Marshmallow food properties


Marshmallow, edible wild plant

– Marshmallow is considered an edible wild plant. The young leaves can be eaten in salads, flower buds pickled and roots on fried pieces.

In Roman times, it was considered a good vegetable to be eaten regularly, especially when they had to release the belly of waste food abundant in meat.

There are references to the peoples of the Far East and Asia Minor who fried its roots with garlic and butter in times of scarcity. It has been suggested that, cooked thus, resulted exquisite.

Marshmallow water, obtained by boiling the roots, as well as being helpful to cure skin diseases, as we have seen above, is suitable for frying and can be an egg substitute.

Marshmallow as a sweet dessert called marshmallows

marshmallows, a natural jelly sweet Photo of showcase of a confiserie, in Paris, with marshmallows, a natural jelly sweet

The English used this plant for the manufacture of sweets, especially some candy called marshmallows – the name of the plant is called the same in English.

These are made by boiling the roots and adding sugar to the mixture that it is being stirred in hot water until a thick paste remains. It seems that the origin of this sweet can be traced to Egyptian rule in where the sap of this plant was used as a thickener in candies made primarily with honey.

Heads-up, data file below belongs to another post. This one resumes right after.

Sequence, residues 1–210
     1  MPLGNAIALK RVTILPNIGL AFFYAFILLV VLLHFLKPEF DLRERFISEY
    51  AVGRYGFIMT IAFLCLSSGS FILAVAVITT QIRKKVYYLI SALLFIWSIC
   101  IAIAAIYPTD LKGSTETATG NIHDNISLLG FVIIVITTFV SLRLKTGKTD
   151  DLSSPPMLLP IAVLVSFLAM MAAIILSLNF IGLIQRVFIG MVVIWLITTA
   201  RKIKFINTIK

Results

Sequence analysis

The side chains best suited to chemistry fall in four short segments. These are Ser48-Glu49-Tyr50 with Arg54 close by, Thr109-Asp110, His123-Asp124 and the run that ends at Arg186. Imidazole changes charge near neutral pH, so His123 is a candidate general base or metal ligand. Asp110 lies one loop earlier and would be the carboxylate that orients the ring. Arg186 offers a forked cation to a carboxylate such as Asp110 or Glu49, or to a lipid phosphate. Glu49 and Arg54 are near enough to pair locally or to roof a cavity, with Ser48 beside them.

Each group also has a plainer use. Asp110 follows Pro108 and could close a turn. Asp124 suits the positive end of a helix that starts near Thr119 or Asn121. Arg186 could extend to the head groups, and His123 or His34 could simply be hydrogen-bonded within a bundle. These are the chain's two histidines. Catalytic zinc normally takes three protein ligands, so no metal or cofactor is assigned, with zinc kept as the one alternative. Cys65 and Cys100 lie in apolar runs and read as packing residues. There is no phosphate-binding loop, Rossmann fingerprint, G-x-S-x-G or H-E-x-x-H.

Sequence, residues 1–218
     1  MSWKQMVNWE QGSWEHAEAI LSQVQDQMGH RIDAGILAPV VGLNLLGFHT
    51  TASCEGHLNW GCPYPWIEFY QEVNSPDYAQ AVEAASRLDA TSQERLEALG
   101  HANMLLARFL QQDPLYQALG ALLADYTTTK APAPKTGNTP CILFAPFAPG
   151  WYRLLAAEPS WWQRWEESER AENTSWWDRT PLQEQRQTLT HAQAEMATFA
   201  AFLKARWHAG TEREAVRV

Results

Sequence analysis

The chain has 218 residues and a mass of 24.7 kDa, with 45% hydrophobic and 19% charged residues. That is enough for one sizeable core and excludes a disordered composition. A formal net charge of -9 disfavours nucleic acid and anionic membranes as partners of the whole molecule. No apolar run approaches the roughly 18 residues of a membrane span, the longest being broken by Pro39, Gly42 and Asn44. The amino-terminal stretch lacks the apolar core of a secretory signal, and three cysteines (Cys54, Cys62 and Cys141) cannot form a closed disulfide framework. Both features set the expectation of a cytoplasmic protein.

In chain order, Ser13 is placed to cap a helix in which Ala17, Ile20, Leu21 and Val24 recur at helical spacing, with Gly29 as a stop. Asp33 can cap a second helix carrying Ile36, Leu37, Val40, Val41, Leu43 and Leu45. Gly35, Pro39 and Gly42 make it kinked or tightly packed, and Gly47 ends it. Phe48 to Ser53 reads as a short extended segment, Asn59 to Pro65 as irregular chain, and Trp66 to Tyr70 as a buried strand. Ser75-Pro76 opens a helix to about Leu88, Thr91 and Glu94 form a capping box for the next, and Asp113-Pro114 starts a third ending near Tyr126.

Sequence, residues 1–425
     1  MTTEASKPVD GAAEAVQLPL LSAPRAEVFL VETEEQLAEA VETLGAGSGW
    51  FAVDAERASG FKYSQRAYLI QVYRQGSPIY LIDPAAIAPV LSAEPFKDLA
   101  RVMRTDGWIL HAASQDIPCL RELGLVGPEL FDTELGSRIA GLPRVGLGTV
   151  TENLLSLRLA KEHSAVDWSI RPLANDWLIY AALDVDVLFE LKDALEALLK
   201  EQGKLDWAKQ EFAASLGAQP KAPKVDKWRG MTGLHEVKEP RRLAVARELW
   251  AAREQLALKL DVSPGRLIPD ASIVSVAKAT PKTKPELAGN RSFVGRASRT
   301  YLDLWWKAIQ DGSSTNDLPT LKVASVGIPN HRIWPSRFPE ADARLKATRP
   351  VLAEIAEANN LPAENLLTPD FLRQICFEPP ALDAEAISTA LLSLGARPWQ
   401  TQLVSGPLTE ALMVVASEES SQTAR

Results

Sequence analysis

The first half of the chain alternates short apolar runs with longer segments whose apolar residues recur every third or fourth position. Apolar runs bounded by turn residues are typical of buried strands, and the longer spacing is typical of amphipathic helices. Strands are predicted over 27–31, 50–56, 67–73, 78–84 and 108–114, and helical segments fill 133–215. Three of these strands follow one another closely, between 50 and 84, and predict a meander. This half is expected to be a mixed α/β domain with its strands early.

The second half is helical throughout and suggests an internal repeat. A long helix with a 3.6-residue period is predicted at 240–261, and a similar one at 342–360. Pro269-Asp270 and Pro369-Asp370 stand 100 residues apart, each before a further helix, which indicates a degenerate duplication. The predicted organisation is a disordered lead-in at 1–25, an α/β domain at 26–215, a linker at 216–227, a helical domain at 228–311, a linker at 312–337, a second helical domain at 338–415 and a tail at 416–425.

This dessert also had the distinction of being very useful in the treatment of cough and sore throats so they continued to use it much later. There are writings dating this use until well into the nineteenth century.

Subsequently, marshmallow water used as thickener stopped and instead, other materials with less medicinal properties such as corn starch or potato starch were used. Currently all these substances have been replaced by gelatin. These candies have ceased having the healing properties which marshmallow gave them.

Is it dangerous eating marshmallow?

There are no known cases of poisoning or toxicity in the use of this plant. However, we must take into account a number of indications, such as, for example, it should be administered with caution and under medical supervision to people with diabetes as mucilage interfere with the absorption of sugars. (More information in the listing below).

punto rojo More information on marshmallow

This article was endorsed by Elisenda Carballido - Dietitian nutritionist. Postgraduate in Phytotherapy and master in Nutrition and Metabolism.
Written by Editorial Botanical-online team in charge of content writing

20 October, 2021

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